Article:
This decade will drive the most change that travel, traditional and alternative accommodation, co-living and co-working environments have ever seen. Software, AI, machine learning, and settlement products like Blockchain are poised to change how we think about currency and transparency.
Interestingly, co-working may be under threat as an abundance of new data suggests workplace expectations are changing, and employees are recoiling at the distraction open spaces cause. Be afraid of the return of “cubes”, “White Noise Tech” or more quiet rooms as employers assess the loss of productivity and culture erosion.
This theory was recently noted by Harvard’s Ethan Bernstein and Stephen Turban after studying open plan office behaviour concluding that “Rather than prompting increasingly vibrant face-to-face collaboration, open architecture appeared to trigger a natural human response to socially withdraw from officemates and interact instead over email and IM”. However, the flexible nature of co-working and co-living spaces enables so much more while fostering communities with economical shared benefits such as gyms and food offerings.
Who said the entrepreneur is dead? We can see that Xers, Zs, millennials and beyond like being founders and problem solvers. There is an immense generational spread of super-focused leaders delivering real change.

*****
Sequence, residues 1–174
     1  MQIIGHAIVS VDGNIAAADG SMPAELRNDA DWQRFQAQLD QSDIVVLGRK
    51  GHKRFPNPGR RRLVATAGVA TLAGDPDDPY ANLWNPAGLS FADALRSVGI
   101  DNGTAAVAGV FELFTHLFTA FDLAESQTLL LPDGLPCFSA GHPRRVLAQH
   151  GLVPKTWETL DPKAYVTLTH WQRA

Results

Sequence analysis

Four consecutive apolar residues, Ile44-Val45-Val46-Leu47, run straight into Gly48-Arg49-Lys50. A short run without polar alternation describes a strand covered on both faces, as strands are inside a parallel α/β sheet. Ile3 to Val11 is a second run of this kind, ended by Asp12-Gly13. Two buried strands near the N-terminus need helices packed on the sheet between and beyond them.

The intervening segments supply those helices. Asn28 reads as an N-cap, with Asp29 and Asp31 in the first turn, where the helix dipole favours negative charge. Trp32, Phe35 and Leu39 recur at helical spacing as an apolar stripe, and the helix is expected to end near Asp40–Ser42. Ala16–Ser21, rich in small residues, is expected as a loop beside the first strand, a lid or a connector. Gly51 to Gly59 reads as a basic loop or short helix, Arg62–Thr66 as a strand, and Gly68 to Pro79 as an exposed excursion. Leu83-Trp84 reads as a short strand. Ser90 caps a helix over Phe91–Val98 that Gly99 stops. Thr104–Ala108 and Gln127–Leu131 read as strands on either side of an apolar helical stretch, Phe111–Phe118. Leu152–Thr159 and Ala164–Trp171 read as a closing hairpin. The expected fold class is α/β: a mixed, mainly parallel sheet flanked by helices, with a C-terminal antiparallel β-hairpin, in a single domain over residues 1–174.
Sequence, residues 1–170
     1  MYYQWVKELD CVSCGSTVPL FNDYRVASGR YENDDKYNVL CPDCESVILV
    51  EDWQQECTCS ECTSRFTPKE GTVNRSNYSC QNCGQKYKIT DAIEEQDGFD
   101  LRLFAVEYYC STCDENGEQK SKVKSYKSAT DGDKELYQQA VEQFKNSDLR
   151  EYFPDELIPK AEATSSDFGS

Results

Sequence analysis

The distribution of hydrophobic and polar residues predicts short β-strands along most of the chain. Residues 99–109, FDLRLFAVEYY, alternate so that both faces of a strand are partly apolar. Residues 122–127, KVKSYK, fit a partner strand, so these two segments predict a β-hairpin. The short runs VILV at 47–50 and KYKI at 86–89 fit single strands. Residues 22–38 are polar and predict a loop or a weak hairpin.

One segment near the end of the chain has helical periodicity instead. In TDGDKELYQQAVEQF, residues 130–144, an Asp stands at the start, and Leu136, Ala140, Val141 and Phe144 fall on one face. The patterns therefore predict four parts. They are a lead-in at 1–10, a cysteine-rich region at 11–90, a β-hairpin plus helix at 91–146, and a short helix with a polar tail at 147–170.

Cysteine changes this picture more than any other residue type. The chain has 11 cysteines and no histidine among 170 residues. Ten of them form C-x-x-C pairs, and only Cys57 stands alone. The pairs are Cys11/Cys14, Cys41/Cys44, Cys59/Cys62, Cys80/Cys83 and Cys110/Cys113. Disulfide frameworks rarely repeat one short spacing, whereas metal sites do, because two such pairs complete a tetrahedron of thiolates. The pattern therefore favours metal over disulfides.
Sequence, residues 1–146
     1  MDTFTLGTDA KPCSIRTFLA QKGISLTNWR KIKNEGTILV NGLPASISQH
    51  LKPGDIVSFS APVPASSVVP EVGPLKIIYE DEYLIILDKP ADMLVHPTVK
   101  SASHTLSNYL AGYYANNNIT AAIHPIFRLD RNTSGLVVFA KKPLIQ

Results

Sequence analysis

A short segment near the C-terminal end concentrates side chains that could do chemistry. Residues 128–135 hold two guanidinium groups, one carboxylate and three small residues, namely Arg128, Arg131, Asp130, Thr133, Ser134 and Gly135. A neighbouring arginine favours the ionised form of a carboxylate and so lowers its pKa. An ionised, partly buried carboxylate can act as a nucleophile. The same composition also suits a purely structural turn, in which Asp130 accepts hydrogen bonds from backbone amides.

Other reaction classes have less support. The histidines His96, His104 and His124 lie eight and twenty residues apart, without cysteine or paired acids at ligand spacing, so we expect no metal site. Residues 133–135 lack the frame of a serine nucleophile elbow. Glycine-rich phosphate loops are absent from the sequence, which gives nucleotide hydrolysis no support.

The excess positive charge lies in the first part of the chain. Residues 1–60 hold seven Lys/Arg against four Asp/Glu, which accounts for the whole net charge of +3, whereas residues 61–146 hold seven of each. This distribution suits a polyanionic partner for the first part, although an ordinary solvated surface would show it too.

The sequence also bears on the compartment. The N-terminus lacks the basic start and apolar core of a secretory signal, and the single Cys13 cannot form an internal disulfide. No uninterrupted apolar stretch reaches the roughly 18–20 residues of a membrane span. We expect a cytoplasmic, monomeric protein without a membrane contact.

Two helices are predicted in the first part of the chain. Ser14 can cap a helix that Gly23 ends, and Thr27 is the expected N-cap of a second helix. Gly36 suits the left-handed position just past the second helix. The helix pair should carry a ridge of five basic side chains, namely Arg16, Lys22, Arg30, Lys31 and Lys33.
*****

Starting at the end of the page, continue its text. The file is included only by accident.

However, some products are early in the development cycle. We believe significant consolidation and culling of the categories will occur during the next two to four years, which is a natural evolution in any category. Think tech around the year 2000. Pets.com anyone? The big must get bigger and the small will continue to innovate and be bought. The middle may well be the endangered
species. Investors are clearly signalling that they want to see a pathway to profit and an investment monetisation plan, take note!
We will wrap up with comments from Reid Hoffman (the LinkedIn founder) which he shared on his podcast,“Master of Scale.”
He said: “I believe that every startup must transition from a band of roguish pirates into a disciplined navy. Get the timing wrong, and you will quickly be lost at sea.”
Wise words indeed.
Remember to click through to LEARN about RECHARGE 2020 at the website here.
Glenn Haussman is the travel industry’s most exciting podcast. A fun, fast-paced genre bending programme peeling back the travel business veneer. Perfect for road warriors, leisure travelers and industry insiders, we look behind the scenes of the travel business by sharing stories, experiences, and with interviews featuring the industry’s biggest names. Host Glenn Haussman is a travel industry insider, renowned industry speaker, writer, consultant, host of heretostay.tv and contributor to youmustbetrippin.com. Follow Glenn on Twitter and Instagram @TravelingGlenn.
Sean Worker is the managing director and principal of T5 Strategies. T5 Strategies advises travel, accommodation, co-living and co-working companies on how to optimise the present and architect the future of their business.
Look out for our Glenn and Sean in discussion on LinkedIn Live over the next couple of weeks to discuss these topics.